What happened

Shares of Nutanix (NTNX 1.96%) tumbled last month after the maker of hyperconvergence infrastructure -- which handles computing, storage, and networking needs -- offered underwhelming guidance in its second quarter, blaming the COVID-19 coronavirus and faster-than-expected acceleration to subscription-based revenue. 

As a result, the stock finished February down 27%, according to data from S&P Global Market Intelligence

A digital image of gears, a cloud, a phone and a workflow image.

Image source: Getty Images.

As you can see from the chart below, most of the decline came on Feb. 27 after the earnings report came out.

NTNX Chart

NTNX data by YCharts.

So what

Nutanix had already been sliding when the coronavirus sell-off began on Feb. 24, and then the stock plunged 28.6% on Feb. 27 after the release of second-quarter earnings.

Results for the quarter were actually better than expected. Overall revenue rose 3.4% to $346.8 million as the company transitioned away from hardware and licensed software to a cloud-based subscription model. That figure topped expectations at $341.9 million. Subscription revenue in the quarter jumped 69% to $267 million, showing that the company is executing on its primary goal of becoming a subscription-based business.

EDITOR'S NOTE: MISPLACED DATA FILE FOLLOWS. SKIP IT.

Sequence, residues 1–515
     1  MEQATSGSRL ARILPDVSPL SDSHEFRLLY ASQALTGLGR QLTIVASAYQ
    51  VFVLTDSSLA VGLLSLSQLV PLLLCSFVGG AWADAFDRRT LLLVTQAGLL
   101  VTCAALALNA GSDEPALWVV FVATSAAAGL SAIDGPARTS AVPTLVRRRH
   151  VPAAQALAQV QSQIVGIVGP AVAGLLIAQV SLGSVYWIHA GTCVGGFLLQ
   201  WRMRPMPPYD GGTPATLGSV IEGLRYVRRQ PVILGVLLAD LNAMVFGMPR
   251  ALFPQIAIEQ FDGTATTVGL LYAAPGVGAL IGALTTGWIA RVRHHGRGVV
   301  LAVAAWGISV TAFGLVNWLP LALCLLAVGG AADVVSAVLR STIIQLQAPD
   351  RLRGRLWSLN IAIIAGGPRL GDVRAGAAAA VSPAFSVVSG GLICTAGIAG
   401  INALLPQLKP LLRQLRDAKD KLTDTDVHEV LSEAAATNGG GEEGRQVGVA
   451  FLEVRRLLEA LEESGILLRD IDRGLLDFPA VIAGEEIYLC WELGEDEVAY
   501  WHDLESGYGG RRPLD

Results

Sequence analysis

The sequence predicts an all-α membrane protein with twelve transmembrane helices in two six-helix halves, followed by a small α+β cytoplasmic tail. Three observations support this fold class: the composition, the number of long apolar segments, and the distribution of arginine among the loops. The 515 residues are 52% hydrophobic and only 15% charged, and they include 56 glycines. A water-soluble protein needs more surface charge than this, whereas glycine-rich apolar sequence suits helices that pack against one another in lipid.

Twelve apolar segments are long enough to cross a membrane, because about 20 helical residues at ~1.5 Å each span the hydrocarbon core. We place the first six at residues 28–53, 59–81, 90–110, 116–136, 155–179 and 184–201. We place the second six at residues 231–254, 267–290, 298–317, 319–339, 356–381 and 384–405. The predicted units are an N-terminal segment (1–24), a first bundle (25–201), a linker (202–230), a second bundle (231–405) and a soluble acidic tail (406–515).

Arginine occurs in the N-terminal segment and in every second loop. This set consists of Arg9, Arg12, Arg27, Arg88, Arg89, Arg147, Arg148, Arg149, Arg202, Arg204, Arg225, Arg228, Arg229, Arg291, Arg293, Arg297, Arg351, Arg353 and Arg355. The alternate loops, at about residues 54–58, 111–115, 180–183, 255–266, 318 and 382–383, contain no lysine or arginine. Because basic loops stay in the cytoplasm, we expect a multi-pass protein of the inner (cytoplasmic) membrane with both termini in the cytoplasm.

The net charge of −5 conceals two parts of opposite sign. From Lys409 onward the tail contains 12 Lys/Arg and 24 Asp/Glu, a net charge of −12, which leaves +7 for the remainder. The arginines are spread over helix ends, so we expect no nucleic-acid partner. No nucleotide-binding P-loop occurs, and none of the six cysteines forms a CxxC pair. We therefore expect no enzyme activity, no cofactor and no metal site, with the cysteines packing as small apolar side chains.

Sales and marketing expenses jumped 43% in the quarter to $304.9 million, making up close to 90% of total revenue, as the company is aggressively pushing its subscription service and new offerings. New product attach rate, or the percentage of deals that include one product outside the company's core offering, rose to 31% from a 21% rate over the last four quarters.   

As a consequence of that marketing spending, its adjusted loss per share expanded from $0.23 to $0.60, but that was still better than expectations of a loss of $0.69 per share. 

CEO Dheeraj Pandey said, "Our solutions-based approach to our go-to-market strategy is helping customers realize the benefits and power of our new products in conjunction with our core software."  

Now what

What caused the stock crash was a cut in full-year guidance. Management now expects software and support revenue of $1.29 billion to $1.36 billion, down from a previous range of $1.3 billion to $1.4 billion, disappointing the market. The company cited the coronavirus having an impact on its Asia-Pacific business, and the faster-than-expected transition to the subscription model, which drags out near-term revenue. Investors may also be wary after the stock fell a year ago on a guidance cut as well.

Nutanix has continued to slide in the first week of March, but investors may be overreacting to the guidance cut, since the company is executing on its goals.